Marijuana and Fentanyl Come Under the Canadian-Chinese Illicit Drug Trafficking Spotlight

Canada has been hitting all the headlines in recent days, what with the country on the brink of decriminalizing marijuana and now being questioned by Chinese government officials about illegal drug dealing.

Public Safety spokesman, Andrew Gowing, says because of the very nature of illicit drug trafficking, estimations of how frequently marijuana is sent illegally across Canadian borders are difficult to make. In a statement, Gowing said Canada works closely with international law-enforcement counterparts, including China, to combat illicit drug trafficking. The country is also co-operating with the UN Commission on Narcotic Drugs. Gowing says this takes the form of shared information and the promotion of solutions to fight this global scourge.

Gowing warned that illegal pot exportation will still be regarded as a criminal offence even if Canada legalizes weed for the adult recreational market – a move expected to take place by mid-2018.

Illicit Pot Deal Statistics

While Gowing is unable to provide statistical information of illicit weed transactions between Canada and China, Statistics Canada has revealed 20% of the country’s total marijuana crop production ends up being sent illegally across the border. This amounts to about $1.2 billion. Officials from the two countries and now united their efforts to find a way in which to curb illegal weed deals.

This problem follows hot on the heels of negotiations between China and Canada concerning the illegal importation of opioids (prescription drugs) into Canada. These clandestine operations created a furore following the deaths by overdose caused by fentanyl and its related compounds.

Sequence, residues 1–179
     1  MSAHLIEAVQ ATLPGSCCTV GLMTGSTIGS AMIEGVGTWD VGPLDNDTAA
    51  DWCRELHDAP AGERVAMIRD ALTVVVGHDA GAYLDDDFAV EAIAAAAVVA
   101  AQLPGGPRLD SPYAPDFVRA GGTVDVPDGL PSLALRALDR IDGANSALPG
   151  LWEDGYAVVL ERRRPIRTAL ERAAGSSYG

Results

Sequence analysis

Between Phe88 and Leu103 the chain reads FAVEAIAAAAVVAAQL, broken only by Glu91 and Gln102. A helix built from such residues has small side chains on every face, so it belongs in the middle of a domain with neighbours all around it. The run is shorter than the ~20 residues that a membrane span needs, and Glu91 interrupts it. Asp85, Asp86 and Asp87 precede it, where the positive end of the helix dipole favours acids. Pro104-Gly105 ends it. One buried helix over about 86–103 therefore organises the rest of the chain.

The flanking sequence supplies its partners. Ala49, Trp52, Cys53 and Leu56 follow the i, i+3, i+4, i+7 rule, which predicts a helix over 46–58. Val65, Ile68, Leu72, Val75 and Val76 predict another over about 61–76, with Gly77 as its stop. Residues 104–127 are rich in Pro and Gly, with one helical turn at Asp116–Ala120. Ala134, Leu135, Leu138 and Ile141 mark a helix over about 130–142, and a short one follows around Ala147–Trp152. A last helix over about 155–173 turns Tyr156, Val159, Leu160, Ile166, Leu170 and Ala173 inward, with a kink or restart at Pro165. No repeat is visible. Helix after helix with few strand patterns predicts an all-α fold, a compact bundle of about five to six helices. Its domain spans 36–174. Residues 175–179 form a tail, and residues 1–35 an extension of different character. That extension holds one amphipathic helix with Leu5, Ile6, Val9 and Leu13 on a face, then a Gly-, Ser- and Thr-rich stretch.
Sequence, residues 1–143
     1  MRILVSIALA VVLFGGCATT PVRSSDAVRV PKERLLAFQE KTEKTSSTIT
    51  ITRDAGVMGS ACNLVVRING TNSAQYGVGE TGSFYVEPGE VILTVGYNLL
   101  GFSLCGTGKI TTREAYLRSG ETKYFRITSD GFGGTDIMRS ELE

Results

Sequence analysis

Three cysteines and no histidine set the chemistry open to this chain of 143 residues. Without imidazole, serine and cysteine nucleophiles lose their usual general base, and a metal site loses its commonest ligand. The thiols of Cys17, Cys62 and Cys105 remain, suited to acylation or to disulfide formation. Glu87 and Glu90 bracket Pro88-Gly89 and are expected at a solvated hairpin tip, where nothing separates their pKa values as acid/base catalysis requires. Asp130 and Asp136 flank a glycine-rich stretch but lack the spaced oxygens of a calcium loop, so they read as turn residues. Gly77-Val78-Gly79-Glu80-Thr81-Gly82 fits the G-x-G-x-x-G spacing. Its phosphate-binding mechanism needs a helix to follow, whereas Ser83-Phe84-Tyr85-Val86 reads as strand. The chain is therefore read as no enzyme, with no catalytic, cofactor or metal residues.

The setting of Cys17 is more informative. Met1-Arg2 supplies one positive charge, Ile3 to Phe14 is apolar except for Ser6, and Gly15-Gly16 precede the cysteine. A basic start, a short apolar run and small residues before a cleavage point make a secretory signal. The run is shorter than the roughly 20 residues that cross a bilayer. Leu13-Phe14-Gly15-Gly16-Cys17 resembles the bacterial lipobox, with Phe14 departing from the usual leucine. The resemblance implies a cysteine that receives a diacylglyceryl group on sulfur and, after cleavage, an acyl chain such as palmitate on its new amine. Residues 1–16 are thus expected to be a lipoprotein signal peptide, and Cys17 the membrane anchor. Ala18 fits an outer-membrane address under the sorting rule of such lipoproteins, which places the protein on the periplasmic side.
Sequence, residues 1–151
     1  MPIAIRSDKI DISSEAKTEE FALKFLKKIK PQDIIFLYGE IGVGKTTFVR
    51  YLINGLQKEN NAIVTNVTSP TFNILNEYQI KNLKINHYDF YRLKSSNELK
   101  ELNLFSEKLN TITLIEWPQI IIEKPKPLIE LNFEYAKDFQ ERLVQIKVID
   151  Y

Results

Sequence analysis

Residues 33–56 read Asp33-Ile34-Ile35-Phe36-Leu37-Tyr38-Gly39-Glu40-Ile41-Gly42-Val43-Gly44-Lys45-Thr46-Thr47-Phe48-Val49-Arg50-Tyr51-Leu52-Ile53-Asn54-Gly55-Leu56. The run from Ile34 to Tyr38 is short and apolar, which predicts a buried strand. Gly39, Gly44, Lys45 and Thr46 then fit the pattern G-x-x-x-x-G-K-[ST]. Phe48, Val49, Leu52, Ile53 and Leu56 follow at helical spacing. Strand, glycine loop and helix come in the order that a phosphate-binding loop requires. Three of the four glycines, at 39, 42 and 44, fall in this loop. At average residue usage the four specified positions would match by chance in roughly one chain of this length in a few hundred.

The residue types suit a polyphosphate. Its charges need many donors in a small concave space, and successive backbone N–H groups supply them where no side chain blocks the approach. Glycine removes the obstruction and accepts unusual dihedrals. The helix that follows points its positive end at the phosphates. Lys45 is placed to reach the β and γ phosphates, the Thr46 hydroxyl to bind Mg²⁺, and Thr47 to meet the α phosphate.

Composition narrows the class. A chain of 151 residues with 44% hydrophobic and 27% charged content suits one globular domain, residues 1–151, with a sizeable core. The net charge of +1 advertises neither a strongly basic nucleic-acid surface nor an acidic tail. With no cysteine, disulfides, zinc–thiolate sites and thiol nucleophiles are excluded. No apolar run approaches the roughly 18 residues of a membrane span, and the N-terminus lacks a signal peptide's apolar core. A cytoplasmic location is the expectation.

Fentanyl and Drug Overdosing

Fentanyl is a synthetic form of heroin but is considerably more potent. Drug dealers lace heroin with fentanyl to increase potency levels and last year it was cited as the cause of more than 80% of Canada’s reported deaths by drug overdose.

A total of 1,422 died from drug overdoses in the country in 2017, of which about 81 percent involved fentanyl. Most of the victims were males between the ages of 30 and 49. This trend continued into 2018 when nine people died over a five-day period.

Fentanyl is prescribed for pain and is used, together with other opioids, for anesthesia.

Canada and China in Close Collaboration

China is supportive of international intervention to put an end to illicit drug trafficking and is working closely with Canadian federal officials to find a solution to this phenomena. However, a Chinese Embassy spokesman in Ottawa remained tight-lipped when approached for comment.

Canada’s illegal cannabis trade with China was the cause of concern revealed in a federal memo. China asked what steps the Canadian government were taking to curb illicit marijuana importation into China.

Sketchy Information

Valid information about the country’s illicit cross-border marijuana activities has been hard to come by, as pointed out in a report released by the Public Safety division. The report says details about this illegal activity were sketchy, and questions the sources used to gather of data and/or what methodology was implemented to arrive at estimates.

The RCMP has estimated that up to 80 percent of all marijuana grown in the country ends up in America. The destinations of the rest of the illegal pot trafficking trade also remain clouded.

In the meantime, the Canada Border Services Agency and the RCMP are working closely with Chinese law-enforcement officials in the fight against illegal pot trafficking. According to Canadian officials, the Chinese government has adopted a hard-nosed attitude towards this global problem and is supporting international efforts to put an end to illegal cross-border marijuana activities.

Conclusion

As Canada prepares to become the first-ever first-world country to legalize recreational marijuana, the country is coming under increasing pressure from the Chinese government to put an end to illegal cross-border pot exportations.

Canadian officials have come out strongly in favor of moves to put an end to the global illicit drug trafficking problem and are working closely with their international law-enforcement counterparts.

Canada is losing an estimated $1.2 billion annually, or about 20 percent of its total pot production, to illicit drug deals.

Another problem that has reared its head is the illegal importation from China of opioids, particularly fentanyl, which is said to have caused more than 80 percent of the 1,422 drug overdose-related deaths recorded in the country in 2017.

 

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